LAKE SUCCESS (Dec. 5)
A compromise resolution on Jerusalem, going a long way in meeting the position of Israel on the subject, was introduced jointly today by the Netherlands and Sweden, and was promptly labelled by the American delegation at the meeting as a possible basis for a solution of the Jerusalem problem.
The resolution, presented to the Assembly’s Special Political Committee, establishes a U.N. commissioner and deputy in the Holy City, but his position would be limited to the “functional” authority, as previously defined by Israel spokesmen, supervision of the Holy places only. All political and secular authorities under terms of the resolution would remain in present hands.
It was noted, however, that the proposal specifically banned the setting up of Jerusalem as a national capital and it also empowers the commissioner to rescind laws and ordinances pertaining to the area which he considers impair the religious rights and immunities under international protection and to create new ones he regards as essential for maintaining public order, necessary for protection of the Holy Places.
A new resolution was also placed before the Committee by Bolivia. Taking cognizance, too, of the Israel position, it calls for the drawing up by a commission of seven members of a “Juridical statute to provide functional internationalization” limited to guarantees for the Holy Places. The Statute, according to the resolution, would be based on an agreement between the United Nations, Israel and Transjordan, with a supervisory organ established for its implementation. This resolution also forbids the establishment of Jerusalem as a capital of either Israel or Transjordan.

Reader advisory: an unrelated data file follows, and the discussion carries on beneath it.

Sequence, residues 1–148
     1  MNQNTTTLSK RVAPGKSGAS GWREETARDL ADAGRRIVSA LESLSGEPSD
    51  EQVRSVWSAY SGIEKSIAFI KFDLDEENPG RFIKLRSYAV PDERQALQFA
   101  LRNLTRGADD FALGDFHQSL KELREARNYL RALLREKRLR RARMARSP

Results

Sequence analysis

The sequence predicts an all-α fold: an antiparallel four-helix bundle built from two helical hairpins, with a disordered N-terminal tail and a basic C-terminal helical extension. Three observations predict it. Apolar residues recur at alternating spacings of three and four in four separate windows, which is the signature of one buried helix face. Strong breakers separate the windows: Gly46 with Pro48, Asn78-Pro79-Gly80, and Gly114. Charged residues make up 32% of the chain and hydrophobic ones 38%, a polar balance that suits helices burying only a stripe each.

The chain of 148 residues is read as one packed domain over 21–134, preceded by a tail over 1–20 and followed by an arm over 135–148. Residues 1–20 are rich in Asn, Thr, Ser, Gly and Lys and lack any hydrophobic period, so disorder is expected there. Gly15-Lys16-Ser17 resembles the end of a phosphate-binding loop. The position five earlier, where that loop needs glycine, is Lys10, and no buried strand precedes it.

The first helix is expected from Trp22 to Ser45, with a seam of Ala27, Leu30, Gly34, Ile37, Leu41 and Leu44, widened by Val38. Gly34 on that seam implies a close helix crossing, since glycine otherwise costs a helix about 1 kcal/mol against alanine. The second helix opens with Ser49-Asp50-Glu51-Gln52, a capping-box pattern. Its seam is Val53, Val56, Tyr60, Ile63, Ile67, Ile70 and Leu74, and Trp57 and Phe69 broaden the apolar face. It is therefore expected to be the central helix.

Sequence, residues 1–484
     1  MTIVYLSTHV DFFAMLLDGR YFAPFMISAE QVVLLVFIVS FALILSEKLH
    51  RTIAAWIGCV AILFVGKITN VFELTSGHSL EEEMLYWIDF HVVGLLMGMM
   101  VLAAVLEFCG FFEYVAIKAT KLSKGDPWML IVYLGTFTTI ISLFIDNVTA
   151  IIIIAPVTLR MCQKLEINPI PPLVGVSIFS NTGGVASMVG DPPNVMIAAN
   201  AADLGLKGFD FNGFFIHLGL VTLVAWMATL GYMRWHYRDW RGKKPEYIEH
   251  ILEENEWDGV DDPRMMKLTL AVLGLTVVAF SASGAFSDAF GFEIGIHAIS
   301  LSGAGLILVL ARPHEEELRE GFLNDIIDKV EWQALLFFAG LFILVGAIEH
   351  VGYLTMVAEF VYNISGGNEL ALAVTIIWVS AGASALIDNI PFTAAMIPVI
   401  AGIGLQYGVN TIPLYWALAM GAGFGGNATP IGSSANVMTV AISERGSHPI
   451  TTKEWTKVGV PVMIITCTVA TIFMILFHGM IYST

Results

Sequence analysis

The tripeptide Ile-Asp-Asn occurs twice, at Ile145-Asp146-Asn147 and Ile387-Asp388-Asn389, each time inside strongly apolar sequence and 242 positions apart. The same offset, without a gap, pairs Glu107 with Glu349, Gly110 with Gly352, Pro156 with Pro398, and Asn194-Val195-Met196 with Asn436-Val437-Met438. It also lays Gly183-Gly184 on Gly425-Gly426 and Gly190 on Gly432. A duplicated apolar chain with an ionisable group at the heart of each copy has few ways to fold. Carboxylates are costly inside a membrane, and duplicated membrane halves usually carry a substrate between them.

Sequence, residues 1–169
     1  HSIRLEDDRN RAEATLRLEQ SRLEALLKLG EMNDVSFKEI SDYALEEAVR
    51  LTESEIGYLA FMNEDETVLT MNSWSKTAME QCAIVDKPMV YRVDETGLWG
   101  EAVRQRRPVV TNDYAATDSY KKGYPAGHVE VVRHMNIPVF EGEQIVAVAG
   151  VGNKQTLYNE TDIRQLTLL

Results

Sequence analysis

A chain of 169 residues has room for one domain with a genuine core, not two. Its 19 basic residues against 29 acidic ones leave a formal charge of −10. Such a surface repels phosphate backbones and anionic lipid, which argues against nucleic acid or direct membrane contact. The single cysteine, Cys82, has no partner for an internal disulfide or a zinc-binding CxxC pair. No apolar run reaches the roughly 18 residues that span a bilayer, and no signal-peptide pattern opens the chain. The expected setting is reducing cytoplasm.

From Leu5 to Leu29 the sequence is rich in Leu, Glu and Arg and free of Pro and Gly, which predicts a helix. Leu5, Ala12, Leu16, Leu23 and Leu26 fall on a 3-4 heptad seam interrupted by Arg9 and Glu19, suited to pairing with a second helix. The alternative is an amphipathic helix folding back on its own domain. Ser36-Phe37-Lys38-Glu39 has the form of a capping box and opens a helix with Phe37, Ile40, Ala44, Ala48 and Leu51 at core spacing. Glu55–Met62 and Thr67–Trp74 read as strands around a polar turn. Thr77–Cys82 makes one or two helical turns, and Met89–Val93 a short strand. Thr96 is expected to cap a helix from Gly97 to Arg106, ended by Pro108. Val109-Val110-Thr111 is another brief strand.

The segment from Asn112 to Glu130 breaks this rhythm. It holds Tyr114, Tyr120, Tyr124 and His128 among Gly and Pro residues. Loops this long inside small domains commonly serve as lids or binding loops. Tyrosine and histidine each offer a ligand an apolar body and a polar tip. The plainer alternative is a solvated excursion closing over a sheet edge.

In declaring that the joint Netherlands-Swedish proposal represented a possible compromise of extreme views, John C. Ross, of the U.S. delegation, declared that the American delegation would study it sympathetically. On the other hand, he pointed out that the recommendation adopted last week by the subcommittee of the U.N. Special political Committee for internationalization of Jerusalem would confront the U.N. Trusteeship Council with the impossible task of establishing and operating an entity which fails to take into account the realities of the situation.